Be creative with what you have! A lot of people come into my store looking for eco-friendly cups for their children. My recommendation? Use small glass jars like jelly jars! First of all there is the obvious benefit of the fact that they cost you nothing AND glass is completely food safe, but there are many other benefits too. The glass is often thicker than traditional cups so not so easy to break, they are perfectly sized for small hands AND it comes with a lid in case you want to close it up. I also use glass jars to store leftovers and dry goods in my cupboards. Note: wait until food is cool before storing in glass jars if you aren’t sure if they are tempered (like Pyrex.)

Buy things that last and if you can, buy them used! A customer came in looking for something to replace her non-stick coated cookware. I recommended cast iron. Not only is cast iron inexpensive, but it lasts FOREVER (you’ll pass it on to your children) and if you camp you can take your cast iron with you. Also, cast iron is super easy to find used. Check out a thrift store near you. Keep your cast iron non-stick by keeping it well “seasoned” by cleaning with nothing more than a wipe-off with a damp cloth. If you have some baked on food that’s not coming off simply put some water in the skillet and put it on the stove with low heat. When the warm water has loosened the food, scrape it off with a non-metal spatula. If your skillet needs to be re-seasoned, coat with canola or coconut oil (high temperature points makes them good for this) and put in an oven set for 200 for 3-hours. You can tell a well-seasoned piece of cast iron because of its shiny (oily) black surface. Trust me, cast iron is super easy to work with, you just need to get used to it. It also has the added benefit of including trace amounts of iron in your food (safe cooking and vitamins too!)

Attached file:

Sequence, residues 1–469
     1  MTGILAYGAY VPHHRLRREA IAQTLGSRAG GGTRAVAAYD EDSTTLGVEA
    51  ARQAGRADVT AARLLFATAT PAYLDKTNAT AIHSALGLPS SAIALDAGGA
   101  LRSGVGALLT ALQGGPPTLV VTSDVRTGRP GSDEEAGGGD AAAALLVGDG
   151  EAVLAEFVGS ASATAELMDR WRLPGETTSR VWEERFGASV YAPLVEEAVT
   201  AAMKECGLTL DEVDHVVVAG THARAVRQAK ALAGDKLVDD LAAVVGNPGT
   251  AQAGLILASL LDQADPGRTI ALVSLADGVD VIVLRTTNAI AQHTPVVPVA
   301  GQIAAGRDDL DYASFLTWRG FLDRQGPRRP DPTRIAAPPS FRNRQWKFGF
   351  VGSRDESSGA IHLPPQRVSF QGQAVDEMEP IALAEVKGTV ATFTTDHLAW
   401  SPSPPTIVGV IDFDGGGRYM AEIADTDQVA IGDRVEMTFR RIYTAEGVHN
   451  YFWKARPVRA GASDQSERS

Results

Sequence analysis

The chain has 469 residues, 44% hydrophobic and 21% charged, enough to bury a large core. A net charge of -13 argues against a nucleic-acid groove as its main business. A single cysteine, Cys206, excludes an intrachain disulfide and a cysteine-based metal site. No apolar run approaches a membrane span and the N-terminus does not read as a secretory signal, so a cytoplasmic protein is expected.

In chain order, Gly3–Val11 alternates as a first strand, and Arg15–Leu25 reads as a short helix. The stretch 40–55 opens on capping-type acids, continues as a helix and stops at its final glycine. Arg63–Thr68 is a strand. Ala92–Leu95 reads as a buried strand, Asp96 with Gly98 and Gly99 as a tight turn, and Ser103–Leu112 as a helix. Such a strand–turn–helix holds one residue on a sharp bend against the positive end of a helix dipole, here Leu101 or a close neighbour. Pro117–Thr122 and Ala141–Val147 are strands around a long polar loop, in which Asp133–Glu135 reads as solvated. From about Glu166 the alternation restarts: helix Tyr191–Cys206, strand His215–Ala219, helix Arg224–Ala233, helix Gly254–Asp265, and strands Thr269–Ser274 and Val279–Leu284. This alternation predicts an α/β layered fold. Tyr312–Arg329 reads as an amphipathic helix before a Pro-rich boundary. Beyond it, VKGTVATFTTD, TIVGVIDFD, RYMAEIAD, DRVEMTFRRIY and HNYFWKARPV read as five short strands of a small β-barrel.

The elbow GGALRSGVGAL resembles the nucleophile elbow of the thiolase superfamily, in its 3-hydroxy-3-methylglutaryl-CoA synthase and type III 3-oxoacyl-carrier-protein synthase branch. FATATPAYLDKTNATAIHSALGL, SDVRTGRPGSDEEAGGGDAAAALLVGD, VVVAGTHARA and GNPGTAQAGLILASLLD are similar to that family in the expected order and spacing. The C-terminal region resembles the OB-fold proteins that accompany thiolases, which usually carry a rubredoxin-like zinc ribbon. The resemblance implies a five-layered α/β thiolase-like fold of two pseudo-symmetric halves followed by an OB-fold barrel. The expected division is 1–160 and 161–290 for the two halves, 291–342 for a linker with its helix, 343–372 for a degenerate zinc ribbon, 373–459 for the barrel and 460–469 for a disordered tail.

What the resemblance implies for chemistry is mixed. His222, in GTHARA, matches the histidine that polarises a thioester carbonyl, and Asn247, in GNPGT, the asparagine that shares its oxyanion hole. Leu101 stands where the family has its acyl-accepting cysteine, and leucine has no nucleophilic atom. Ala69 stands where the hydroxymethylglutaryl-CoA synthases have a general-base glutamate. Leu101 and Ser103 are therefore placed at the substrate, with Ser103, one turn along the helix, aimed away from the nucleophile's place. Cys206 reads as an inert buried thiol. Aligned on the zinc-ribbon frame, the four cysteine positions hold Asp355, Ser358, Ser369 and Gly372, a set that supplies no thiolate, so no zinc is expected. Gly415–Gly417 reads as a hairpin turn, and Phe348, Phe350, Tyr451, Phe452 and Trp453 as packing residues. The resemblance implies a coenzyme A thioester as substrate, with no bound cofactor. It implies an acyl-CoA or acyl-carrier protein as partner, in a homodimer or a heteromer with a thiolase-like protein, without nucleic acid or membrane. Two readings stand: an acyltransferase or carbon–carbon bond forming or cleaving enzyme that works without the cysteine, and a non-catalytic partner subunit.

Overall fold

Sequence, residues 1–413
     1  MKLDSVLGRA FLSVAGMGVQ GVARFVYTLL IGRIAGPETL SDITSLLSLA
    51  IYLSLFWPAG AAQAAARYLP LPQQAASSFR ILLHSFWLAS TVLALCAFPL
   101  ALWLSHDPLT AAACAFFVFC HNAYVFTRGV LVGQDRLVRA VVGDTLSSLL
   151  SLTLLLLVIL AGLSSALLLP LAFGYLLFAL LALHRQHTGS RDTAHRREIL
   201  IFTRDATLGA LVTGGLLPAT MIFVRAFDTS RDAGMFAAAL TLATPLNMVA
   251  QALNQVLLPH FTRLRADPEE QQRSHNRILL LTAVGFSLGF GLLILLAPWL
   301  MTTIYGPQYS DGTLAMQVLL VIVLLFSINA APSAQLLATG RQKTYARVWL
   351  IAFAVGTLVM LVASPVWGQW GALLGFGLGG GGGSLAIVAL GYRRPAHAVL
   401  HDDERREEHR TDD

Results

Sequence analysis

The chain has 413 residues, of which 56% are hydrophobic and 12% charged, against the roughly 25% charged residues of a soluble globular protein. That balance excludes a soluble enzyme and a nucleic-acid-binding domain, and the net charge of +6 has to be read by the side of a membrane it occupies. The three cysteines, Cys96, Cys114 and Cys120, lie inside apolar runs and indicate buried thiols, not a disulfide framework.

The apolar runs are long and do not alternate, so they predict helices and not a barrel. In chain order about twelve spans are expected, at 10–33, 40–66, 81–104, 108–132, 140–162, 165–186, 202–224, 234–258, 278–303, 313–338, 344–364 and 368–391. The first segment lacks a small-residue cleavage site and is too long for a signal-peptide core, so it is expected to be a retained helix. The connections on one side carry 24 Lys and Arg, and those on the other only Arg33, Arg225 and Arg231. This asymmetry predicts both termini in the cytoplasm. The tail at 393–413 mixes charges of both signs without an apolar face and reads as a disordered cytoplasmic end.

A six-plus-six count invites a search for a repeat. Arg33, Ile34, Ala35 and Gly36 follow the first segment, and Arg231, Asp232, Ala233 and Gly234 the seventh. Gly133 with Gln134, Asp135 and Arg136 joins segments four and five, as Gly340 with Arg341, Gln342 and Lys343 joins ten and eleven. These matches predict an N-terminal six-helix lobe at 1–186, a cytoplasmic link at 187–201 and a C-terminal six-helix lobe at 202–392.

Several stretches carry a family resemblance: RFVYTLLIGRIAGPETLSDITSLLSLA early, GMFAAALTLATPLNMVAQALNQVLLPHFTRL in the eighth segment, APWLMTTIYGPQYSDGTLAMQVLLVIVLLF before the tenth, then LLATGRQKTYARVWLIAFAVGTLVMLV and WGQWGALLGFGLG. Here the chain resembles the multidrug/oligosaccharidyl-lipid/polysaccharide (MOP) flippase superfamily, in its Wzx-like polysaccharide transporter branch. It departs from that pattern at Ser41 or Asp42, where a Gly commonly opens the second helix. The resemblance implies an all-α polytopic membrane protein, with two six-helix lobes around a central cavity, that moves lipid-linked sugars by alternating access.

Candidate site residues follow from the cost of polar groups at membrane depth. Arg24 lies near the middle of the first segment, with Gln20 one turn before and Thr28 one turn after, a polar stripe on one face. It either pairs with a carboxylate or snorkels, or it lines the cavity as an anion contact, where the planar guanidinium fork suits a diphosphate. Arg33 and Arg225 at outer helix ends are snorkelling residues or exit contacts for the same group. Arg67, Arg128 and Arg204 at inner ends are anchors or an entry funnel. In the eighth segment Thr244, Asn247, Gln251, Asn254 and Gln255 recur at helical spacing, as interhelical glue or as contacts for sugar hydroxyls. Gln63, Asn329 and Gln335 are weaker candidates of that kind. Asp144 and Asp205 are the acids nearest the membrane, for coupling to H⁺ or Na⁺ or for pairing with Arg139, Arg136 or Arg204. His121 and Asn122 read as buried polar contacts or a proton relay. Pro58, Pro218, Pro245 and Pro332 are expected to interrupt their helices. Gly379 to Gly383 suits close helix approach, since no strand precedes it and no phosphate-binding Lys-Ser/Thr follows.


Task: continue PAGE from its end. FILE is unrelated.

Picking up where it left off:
Buy things that are multipurpose and have a solid “end of life” plan. A mother came in looking for a non-toxic option to traditional crib mattress covers, which are used to protect the mattress from pee and often have very un-eco vinyl in them. I recommended an organic wool puddle pad. Wool is super absorbent and thick so it will hold a lot of moisture without letting it soak into the mattress. Yes it costs more, but when it’s done serving as a mattress cover it can be a blanket or a play mat. When it’s done doing that it can be pet bedding or you can make it into coasters or stockings. And when it’s done with that? It biodegrades! When you are done with a vinyl mattress cover it can’t do all those other things and it’s destined for nowhere but the landfill. Plus, it’s off-gassing while your baby is sleeping on it.